Though your typical sedan has fallen out of popularity with the average car buyer and been replaced by SUVs, luxury (even high-end) sports sedans continue to entice buyers that want power, prestige, agility, and space for up to five without the high-riding stance. Indeed, there are a number of super sedans now on offer, including the Porsche Panamera, Tesla Model S, Mercedes-AMG E63, BMW M5, and Audi RS7. However, of the current crop, only one car offers the glory and Spitfire-like exhaust from a naturally aspirated V-12: the new Aston Martin Rapide AMR.
The Rapide has been in Aston Martin’s stable for quite some time and, if we’re being honest, is looking long in the tooth compared to the firm’s latest offerings, the Vantage and DB11. Adding the AMR badge seems to be the Rapide’s swansong — a final parting gift to not just those that loved the styling of the Rapide, which in my opinion is the best of the super sedan lot, but also the last hurrah for the beastly, naturally aspirated 6.0-liter V-12 heart. From here on out, Aston Martins will either be electric, turbocharged, or, in the case of the forthcoming Valkyrie, hybrid.
Given its finality, the Rapide AMR has been thoroughly tweaked to be more in line with the rest of Aston Martin’s AMR range. The V-12 is now rated for 580 horsepower thanks to a ton of parts lifted from Aston’s Vantage GT12 program, including larger inlet manifolds, a new ECU calibration, and a host of other performance parts. You can handle 60 mph in just 4.2 seconds. Due to the up-rated oomph, as well as some subtlety tweaked aerodynamic changes, the four-door can now also hit a whopping 205 mph.
To aid in cornering capability, Aston Martin’s engineers swapped the old cast aluminum wheels for a forged design, much like the DB11 AMR. It also now runs on sticky Michelin Pilot Super Sport tires and stops thanks to carbon ceramic brakes that feature six-piston calipers at the front and four-piston calipers at the rear.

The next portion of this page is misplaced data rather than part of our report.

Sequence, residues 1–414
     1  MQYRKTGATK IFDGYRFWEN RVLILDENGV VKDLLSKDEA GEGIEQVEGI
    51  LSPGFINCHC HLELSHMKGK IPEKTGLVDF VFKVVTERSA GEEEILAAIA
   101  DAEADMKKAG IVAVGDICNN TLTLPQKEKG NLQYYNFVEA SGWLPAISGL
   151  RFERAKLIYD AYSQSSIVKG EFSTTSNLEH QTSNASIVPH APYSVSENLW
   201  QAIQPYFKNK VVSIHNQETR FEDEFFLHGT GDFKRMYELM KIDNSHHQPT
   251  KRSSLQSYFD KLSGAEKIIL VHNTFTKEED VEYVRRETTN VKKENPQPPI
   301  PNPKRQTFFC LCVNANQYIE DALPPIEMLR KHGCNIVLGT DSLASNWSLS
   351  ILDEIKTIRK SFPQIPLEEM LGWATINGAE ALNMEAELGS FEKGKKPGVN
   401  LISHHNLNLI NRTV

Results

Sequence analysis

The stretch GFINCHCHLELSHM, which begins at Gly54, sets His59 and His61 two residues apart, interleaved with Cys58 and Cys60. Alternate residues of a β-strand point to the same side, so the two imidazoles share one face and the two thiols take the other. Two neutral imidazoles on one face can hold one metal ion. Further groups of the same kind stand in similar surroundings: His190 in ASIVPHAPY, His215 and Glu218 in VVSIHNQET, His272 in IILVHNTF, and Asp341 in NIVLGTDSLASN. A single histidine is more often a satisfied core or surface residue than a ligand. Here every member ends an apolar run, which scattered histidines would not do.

To differentiate the Rapide AMR with the standard Rapide, the interior of the car can be specified with AMR lime or Galena Silver welting and stitching, as well as a carbon fiber console and Alcantara seats. Furthermore, the Rapide AMR gets a One-77 steering wheel option and a host of AMR logos stitched throughout. Outside, customers can spec the Rapide AMR in “Mariana Blue,” “Scintilla Silver,” “Lightning Silver,” and “Onyx Black,” with an option for AMR Lime accents and a full-length stripe in either “China Grey” or “Clubsport White.”
There are only two slight issues, and one’s more due to our bank accounts being so barren. The Rapide AMR will set customers back an eye-widening $240,000 before any options and only 210 AMR-branded Rapides will ever be made. For those lucky 210, deliveries will begin later in 2018. We wish we had more money.
- 2022 Lexus IS 500 F Sport Performance, a Blast From the Past
- 2022 Kia Carnival Review: An Affordable Private Jet
- 2022 Hyundai Veloster N Review: A Hot Hatch With Anger Issues
- The Lotus Emira: The Last and the Best of Its Breed
- The 6 Fastest Cars in the World Right Now